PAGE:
The beef value chain analysis action plan chooses not to mention names only revealing figures that in one respect, illustrate Botswana’s rich-poor divide in mindboggling detail.
“Botswana Meat Commission data suggests that in 2013, 22 percent of its direct supplies came from five farmers who supplied more than 5000 head. A further 16 percent came from nine farmers who supplied between 1000 and 5000 head. At the other extreme, 33 percent of supplies came from almost 9900 farmers supplying less than 20 head of cattle,” says the plan which has been developed for the Private Sector Development Programme (PSDP).
While the report doesn’t mention this detail, a majority (if not all) of the 14 farmers will be white and from the Gantsi district while the 9900 are indigenous Batswana spread throughout the country. The former use modern farming methods while the latter largely use traditional methods. The figures quoted are three years old but nothing dramatic has happened in the interim to alter the livestock ownership within the context of the stated categorisation.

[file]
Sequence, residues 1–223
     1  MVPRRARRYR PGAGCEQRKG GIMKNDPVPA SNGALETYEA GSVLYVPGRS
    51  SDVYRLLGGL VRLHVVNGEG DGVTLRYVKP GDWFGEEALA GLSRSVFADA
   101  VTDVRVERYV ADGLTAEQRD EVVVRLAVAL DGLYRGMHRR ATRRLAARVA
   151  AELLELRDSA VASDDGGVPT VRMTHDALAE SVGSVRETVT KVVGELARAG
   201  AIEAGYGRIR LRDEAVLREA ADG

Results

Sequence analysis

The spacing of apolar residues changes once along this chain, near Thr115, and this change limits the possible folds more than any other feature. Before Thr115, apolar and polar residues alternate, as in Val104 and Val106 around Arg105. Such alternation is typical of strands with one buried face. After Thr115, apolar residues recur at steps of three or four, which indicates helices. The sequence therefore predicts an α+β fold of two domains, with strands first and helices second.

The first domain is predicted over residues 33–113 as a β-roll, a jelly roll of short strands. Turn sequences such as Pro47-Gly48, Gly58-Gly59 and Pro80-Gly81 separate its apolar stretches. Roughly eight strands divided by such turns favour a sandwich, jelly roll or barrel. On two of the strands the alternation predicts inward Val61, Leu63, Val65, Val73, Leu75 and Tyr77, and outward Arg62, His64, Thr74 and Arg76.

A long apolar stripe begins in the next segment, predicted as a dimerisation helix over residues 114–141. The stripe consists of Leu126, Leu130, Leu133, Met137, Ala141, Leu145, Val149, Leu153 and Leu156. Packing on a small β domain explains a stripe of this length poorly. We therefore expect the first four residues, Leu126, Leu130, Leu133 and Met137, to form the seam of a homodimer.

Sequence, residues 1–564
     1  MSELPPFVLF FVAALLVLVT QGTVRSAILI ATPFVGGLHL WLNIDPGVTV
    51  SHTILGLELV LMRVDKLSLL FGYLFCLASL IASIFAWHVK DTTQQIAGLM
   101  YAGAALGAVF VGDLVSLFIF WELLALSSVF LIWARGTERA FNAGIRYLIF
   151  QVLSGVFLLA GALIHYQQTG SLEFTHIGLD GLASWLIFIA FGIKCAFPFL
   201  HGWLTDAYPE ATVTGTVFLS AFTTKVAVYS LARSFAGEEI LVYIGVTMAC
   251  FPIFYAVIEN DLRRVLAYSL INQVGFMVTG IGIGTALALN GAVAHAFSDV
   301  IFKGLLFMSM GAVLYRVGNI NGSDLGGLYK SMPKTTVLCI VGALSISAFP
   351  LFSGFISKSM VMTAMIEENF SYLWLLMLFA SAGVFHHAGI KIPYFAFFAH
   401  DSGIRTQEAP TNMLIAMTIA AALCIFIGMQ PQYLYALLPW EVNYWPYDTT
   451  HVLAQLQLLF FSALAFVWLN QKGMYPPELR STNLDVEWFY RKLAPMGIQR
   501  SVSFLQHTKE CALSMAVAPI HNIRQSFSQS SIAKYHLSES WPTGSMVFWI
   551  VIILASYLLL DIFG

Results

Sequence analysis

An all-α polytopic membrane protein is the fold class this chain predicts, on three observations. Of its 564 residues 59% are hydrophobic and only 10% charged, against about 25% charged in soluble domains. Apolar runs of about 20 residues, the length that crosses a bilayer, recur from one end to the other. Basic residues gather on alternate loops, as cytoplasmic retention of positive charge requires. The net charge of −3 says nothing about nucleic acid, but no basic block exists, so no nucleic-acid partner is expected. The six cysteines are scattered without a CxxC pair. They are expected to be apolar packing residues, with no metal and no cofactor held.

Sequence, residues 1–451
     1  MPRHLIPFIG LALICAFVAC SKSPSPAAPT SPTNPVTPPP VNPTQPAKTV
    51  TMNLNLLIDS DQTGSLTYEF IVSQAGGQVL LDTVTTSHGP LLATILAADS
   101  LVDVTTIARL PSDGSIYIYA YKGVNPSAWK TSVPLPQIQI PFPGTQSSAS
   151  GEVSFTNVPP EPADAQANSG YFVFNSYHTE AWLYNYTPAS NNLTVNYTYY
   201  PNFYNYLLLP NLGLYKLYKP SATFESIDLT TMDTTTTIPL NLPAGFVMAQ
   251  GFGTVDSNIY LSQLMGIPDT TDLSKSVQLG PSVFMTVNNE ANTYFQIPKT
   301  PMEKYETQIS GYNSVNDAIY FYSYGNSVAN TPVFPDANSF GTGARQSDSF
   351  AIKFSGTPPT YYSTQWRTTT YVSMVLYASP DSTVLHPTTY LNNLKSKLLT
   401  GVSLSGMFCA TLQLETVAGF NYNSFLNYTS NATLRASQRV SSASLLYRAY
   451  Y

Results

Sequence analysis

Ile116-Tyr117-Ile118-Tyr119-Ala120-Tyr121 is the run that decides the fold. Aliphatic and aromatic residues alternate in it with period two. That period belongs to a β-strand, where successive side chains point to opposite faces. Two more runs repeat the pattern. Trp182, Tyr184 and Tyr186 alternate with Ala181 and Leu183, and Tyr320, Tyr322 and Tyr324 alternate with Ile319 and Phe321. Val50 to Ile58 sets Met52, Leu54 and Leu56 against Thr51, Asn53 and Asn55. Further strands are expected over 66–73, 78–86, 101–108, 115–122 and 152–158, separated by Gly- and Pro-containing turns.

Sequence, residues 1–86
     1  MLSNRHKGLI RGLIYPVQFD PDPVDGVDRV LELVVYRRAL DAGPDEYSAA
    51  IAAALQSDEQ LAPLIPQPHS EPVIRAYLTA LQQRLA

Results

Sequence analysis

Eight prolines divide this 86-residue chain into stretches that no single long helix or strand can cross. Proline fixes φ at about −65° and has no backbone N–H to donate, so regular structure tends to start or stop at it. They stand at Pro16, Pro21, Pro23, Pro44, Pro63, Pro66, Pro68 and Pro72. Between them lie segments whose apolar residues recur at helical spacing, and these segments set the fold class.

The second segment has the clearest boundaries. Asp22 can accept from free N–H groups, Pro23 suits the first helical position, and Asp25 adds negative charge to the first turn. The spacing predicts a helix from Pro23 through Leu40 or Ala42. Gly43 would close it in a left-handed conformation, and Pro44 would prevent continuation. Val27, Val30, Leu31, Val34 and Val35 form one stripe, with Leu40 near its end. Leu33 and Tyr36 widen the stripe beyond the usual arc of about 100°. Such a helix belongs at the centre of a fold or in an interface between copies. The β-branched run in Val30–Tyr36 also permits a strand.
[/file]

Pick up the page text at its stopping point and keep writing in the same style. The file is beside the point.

With Botswana’s diamonds being mined out, projections are that two national development plans from now, they will contribute virtually nothing to GDP. In the circumstances, the private sector has been identified as the future engine of growth and the beef sector one of the most parts of that engine. The beef value chain analysis found that despite its importance to the national economy, this sector is not being exploited to its fullest potential. The PSDP, which is being coordinated by Business Botswana, has organised training programmes for both commercial and communal farmers and in a back issue of its Kgodiso newsletter, states farmers underwent training where they were taken through fundamental aspects of farming. The latter related to Botswana’s beef farming sector in relation to the rest of the world, the importance of management and record keeping and the effectively running of farming business in order to yield positive returns.
“With regard to the associations, it has been realised that the general conditions of our associations are weak. This is mainly due to their financial weakness, which arises from a low penetration of membership among the farming population and the financial hardships common among beef farmers at present. The members of associations have been trained on how to effectively run them with the assistance of the Irish Cattle and Sheep Association (ICSA) together with the local expert on Foot and Mouth Disease,” the newsletter says.
As a result of this level of engagement, farmer associations in Ngamiland have resolved to form one regional association that will work effectively to accommodate the interests of all farmers. Last month, PSDP sponsored a benchmarking trip to the United Kingdom for three commercial farmers from Gantsi.